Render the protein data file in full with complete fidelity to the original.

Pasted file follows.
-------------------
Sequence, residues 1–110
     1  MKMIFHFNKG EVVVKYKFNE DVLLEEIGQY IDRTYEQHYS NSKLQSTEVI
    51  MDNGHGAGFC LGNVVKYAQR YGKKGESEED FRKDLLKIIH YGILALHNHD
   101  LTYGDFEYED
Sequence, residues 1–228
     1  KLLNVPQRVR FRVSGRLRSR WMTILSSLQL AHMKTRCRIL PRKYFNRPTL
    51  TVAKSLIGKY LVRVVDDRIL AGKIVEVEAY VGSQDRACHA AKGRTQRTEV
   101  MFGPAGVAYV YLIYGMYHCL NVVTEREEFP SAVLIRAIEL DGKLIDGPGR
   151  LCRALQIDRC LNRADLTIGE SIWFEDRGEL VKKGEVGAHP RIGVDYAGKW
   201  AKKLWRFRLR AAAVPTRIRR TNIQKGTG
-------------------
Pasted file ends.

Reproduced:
Sequence, residues 1–110
     1  MKMIFHFNKG EVVVKYKFNE DVLLEEIGQY IDRTYEQHYS NSKLQSTEVI
    51  MDNGHGAGFC LGNVVKYAQR YGKKGESEED FRKDLLKIIH YGILALHNHD
   101  LTYGDFEYED
Sequence, residues 1–228
     1  KLLNVPQRVR FRVSGRLRSR WMTILSSLQL AHMKTRCRIL PRKYFNRPTL
    51  TVAKSLIGKY LVRVVDDRIL AGKIVEVEAY VGSQDRACHA AKGRTQRTEV
   101  MFGPAGVAYV YLIYGMYHCL NVVTEREEFP SAVLIRAIEL DGKLIDGPGR
   151  LCRALQIDRC LNRADLTIGE SIWFEDRGEL VKKGEVGAHP RIGVDYAGKW
   201  AKKLWRFRLR AAAVPTRIRR TNIQKGTG